Tuesday, September 16, 2014

Spare the Rod and Raise a Happy, Well-Balanced Child

There was a time when electro-shock therapy was used to treat mental illness. We figured out eventually that it really wasn't effective therapy and did more harm than good, so we stopped using it. We judge all the time. If you have any ethical or moral code at all then you make judgments as to what is right and what is wrong. 

As a people, we were shackled and beaten for generations. Why do some of us insist on embracing corporal punishment as appropriate discipline for the weakest and smallest among us--our children? If you hit a child hard enough to hurt that child, it's abuse. People will intervene if they see an adult kick a dog; yet there are people who insist it's none of my business if I observe a child being hit. 

Michael Vick went to jail, did time for being the money behind a dog fighting ring and I didn't hear a whole lot of people coming to his defense or protesting his punishment. Adrian Peterson beat his four-year old with a switch and there are those of you who want to declare that it's nobody's business except Peterson's how he disciplines his son.

Children deserve to grow up without fear and tears. Using paddles, switches, belts etc. is barbaric and a sign of a parent who doesn't have a clue about child rearing. Simply having sex and giving birth does not make anyone a parent. Parenting requires thought and care.

Ever considered that some of the black on black violence that still occurs far too often may have something to do with a philosophy that beating a child is the way to discipline a child. I have two siblings and none of us were ever beaten as children. We were disciplined--had toys taken away temporarily, sat in the corner for a time out and were told that being selfish, cruel, and mean to others was wrong. None of us had any problem staying on the straight and narrow path.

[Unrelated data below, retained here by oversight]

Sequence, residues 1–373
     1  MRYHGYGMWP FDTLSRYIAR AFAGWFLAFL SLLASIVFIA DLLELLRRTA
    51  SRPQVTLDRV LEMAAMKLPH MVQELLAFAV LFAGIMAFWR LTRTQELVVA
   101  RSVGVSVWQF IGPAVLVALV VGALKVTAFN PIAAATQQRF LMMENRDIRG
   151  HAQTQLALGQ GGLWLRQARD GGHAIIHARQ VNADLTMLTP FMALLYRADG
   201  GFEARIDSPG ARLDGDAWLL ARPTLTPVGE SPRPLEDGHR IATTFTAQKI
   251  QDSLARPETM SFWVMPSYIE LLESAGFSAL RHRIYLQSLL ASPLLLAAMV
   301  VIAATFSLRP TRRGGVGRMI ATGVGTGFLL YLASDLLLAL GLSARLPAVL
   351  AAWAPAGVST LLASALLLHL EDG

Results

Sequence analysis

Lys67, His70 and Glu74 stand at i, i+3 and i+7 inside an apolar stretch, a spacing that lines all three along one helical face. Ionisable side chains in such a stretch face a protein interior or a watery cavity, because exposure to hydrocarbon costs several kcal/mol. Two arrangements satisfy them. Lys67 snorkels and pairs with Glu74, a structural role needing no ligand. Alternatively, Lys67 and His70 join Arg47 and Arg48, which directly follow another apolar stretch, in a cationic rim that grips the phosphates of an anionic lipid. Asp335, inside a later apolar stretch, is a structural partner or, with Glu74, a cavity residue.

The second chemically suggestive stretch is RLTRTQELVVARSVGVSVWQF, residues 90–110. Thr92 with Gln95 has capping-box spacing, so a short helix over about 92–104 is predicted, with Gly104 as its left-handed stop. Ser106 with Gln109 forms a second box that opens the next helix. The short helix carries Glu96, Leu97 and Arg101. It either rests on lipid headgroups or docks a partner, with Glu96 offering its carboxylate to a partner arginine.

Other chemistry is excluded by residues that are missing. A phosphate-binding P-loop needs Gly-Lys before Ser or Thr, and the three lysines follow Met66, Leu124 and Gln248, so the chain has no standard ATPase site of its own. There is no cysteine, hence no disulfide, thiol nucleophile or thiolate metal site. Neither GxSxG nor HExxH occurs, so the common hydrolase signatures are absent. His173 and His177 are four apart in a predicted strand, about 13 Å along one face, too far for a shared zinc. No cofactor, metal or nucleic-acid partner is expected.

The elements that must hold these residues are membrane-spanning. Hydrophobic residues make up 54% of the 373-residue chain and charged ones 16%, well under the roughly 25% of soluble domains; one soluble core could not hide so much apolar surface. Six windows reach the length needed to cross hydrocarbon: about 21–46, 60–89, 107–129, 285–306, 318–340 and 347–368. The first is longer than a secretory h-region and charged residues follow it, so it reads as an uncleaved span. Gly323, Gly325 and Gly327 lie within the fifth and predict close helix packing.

I am tired of hearing black people who define us in terms of having a belief in whooping our children. Why would any of us want to perpetuate the violence that was done to our ancestors by teaching our little ones that if you're an adult, you can hit children? The dumbest thing that I've ever seen is a young parent wailing on the behind of a small child who just hit another child and loudly declaring with each blow, "We don't hit!"

If we don't start talking about these issues honestly, the violence will continue to repeat itself and eventually destroy us. That is unacceptable. Ask yourself, what are you accomplishing when you hit a child? If violence works so well, why don't we just beat adults when they break the law? Some countries still have public floggings.


Capt. Fogg said...

We pay violent and aggressive men millions to be violent and aggressive and then we wonder why they are violent and aggressive.

We watch with glee when men beat hell out of each other for no reason but money and the joy of winning through violence.

I have to suspect that watching violence for entertainment, that idolizing violent people feeds our lack of empathy and our use of it in other things like smacking women and children around. I think we're a violent species and we need to tame it if we wish to be a successful species.

Listening to this Peterson explaining that he was raised that way, it seems a familiar story. Kids who were beaten often need to think it did them good because otherwise they'd have to recognize that they were wrongly abused -- That their parents were bad parents that they were not loved or appreciated or even respected, and I guess that's hard to do, but when you beat your child you may be beating your grandchildren and your great grandchildren. When you beat your children you may be punishing them for the bad childhood you had and giving them the same fear and pain you suffered.

Lisa :-] said...

Great post, Sheria. Much to think about here.

veganelder said...

When I was teaching introductory psychology courses I would bring up the notion of hitting children in the name of "discipline". Invariably the overwhelming majority of the class would agree that physical punishment was necessary. Invariably the class would be scandalized at the notion that well behaved children can rather easily be raised without hitting them. U.S. America is pretty addicted to smacking our children.

My question to the class was how do you smack a child for 'discipline' without teaching (albeit inadvertently) that violence is an acceptable solution to a problem and also without teaching that it is acceptable for the stronger to harm those who are weaker? I never did get a credible answer to the question.